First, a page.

Antibiotics can kill ‘good’ bacteria in the human gut leaving pathogenic strains to survive, which poses a risk of causing gut infections.

There are growing concerns about the overuse of antibiotics contributing to the global public health threat of drug-resistant bacterial infections in humans (a topic of concern reported on regularly by the Digital Journal).

In a study published in Nature, researchers have found that a number of intestinal pathogens can cause problems after antibiotic administration. This seems to be because during the first twenty-four hours after administration of oral antibiotics, a spike in carbohydrate availability takes place within the gut.

The carbon causes a peak in available nutrients. When this is combined with the act of most antibiotics to kill of beneficial bacteria in the gut, this creates conditions for pathogenic strains to potentially grow to harmful levels. In a health functioning gut the beneficial bacteria out-compete the harmful bacteria.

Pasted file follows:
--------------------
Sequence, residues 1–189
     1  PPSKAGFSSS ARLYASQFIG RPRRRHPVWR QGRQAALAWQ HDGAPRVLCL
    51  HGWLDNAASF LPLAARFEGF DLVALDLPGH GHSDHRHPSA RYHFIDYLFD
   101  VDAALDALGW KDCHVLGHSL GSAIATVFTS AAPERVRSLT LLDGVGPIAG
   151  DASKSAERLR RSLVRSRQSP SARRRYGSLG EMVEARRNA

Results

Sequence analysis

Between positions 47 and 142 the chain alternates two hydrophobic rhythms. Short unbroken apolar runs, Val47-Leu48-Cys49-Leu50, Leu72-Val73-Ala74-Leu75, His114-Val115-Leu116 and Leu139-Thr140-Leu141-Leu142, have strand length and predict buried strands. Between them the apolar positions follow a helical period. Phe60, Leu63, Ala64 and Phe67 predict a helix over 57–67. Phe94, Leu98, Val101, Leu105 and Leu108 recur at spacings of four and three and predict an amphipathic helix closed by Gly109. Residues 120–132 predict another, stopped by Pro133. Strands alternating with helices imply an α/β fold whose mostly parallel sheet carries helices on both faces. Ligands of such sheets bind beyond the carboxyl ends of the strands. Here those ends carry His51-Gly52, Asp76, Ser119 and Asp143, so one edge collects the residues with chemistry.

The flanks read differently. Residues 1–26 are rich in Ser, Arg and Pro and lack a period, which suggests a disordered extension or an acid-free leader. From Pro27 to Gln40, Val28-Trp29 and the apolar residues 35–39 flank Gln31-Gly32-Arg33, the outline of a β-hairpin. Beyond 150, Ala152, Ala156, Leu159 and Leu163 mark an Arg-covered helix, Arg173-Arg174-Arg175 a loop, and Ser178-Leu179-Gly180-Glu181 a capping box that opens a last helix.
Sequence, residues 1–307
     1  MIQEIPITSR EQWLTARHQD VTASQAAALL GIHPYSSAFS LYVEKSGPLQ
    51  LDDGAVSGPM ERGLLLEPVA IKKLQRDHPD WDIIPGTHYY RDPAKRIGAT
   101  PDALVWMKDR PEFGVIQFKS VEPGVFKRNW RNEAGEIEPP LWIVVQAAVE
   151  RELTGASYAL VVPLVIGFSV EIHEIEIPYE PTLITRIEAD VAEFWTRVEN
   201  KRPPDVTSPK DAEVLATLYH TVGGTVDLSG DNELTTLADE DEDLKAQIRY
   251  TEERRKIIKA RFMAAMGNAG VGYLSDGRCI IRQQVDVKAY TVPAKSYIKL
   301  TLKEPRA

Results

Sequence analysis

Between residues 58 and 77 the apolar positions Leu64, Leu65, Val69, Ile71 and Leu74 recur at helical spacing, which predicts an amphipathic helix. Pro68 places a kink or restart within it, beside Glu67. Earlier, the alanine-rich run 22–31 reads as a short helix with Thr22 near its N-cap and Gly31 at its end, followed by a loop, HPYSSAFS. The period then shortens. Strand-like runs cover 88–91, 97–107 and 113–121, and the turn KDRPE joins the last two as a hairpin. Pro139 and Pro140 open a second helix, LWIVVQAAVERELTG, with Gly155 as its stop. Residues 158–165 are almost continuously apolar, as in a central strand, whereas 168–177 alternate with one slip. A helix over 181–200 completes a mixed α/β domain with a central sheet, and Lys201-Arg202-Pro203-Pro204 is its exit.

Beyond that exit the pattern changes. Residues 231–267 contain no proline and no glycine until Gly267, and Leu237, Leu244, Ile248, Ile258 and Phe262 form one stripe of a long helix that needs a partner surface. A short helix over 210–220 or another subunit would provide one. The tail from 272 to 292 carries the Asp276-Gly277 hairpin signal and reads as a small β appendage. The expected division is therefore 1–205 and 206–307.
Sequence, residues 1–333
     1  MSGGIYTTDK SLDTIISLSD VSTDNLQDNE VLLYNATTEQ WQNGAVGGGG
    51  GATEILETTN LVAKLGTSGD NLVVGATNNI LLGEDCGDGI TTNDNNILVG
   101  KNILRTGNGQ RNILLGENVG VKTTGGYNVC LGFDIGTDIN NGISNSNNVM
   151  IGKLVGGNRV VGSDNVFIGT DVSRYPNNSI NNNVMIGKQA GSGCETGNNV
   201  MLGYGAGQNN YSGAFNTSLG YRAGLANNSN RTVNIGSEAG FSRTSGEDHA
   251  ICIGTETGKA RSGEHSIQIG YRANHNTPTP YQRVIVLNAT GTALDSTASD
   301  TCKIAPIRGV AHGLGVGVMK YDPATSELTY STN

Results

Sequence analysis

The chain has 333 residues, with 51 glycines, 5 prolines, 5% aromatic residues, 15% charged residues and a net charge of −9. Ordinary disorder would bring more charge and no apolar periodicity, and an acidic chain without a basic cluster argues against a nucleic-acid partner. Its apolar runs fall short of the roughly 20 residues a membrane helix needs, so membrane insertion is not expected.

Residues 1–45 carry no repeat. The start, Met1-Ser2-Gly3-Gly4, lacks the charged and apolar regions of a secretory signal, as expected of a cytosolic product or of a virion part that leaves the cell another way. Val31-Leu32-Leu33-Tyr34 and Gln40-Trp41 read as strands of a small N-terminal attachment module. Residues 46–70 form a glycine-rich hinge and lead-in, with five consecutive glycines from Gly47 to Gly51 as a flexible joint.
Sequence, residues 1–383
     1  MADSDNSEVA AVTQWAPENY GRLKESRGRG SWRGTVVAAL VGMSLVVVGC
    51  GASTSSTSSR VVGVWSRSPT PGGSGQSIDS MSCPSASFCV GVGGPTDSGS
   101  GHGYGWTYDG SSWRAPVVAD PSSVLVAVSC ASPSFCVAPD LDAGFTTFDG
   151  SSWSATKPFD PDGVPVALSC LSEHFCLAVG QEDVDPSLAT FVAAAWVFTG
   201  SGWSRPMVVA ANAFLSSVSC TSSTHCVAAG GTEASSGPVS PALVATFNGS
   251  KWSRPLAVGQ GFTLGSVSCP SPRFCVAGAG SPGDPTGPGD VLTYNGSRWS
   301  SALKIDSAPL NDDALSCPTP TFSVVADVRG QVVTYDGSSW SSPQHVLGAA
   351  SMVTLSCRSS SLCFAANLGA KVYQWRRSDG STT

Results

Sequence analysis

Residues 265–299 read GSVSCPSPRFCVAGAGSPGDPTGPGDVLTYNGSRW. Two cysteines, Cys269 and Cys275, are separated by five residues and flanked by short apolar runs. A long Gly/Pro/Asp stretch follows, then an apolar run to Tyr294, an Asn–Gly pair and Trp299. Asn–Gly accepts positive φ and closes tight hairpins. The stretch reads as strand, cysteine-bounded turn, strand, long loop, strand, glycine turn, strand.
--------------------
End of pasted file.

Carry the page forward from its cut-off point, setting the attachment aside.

Studies have shown that antibiotics can severely affect the gut-microbe ecosystem, and it takes a few days to recover after a dose of antibiotics and it can take a month or more for the gut to regain its former numbers of beneficial bacteria.

To explore this further, the research team experimented on mice that had been born and bred in a germ-free environment. The guts of the mice were devoid of bacteria, unlike normal mice. By experimenting with antibiotics and introducing different strains of bacteria, the scientists showed how antibiotics can create conditions within which pathogenic bacteria can flourish.

This finding adds to evidence the bacteria in the human gut are part of a complex microbial ecosystem, where disruptions can cause health issues like obesity. The published paper is titled “Microbiota-liberated host sugars facilitate post-antibiotic expansion of enteric pathogens.”